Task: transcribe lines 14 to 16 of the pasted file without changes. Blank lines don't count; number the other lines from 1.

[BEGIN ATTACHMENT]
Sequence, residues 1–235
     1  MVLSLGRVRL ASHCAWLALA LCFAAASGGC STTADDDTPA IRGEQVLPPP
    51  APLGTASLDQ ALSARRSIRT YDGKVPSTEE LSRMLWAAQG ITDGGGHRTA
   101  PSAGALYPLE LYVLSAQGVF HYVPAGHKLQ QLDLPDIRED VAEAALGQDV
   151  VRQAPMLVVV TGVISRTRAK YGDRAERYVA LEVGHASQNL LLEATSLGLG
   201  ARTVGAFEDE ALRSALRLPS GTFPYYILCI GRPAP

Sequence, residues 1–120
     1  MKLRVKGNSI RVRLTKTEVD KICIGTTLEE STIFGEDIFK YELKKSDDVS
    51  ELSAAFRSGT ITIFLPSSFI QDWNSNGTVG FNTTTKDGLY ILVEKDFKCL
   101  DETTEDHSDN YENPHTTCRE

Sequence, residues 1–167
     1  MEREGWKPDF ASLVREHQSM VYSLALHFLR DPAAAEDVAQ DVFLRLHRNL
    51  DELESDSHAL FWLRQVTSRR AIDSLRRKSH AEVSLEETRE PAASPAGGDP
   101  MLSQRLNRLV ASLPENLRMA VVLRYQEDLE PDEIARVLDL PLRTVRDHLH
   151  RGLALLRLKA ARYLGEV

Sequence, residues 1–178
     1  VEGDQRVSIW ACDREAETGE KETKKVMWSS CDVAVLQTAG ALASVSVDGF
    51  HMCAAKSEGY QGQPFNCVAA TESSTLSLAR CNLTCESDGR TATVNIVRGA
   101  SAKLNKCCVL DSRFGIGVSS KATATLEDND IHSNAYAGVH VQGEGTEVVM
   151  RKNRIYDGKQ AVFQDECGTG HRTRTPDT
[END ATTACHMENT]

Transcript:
   101  MLSQRLNRLV ASLPENLRMA VVLRYQEDLE PDEIARVLDL PLRTVRDHLH
   151  RGLALLRLKA ARYLGEV

Sequence, residues 1–178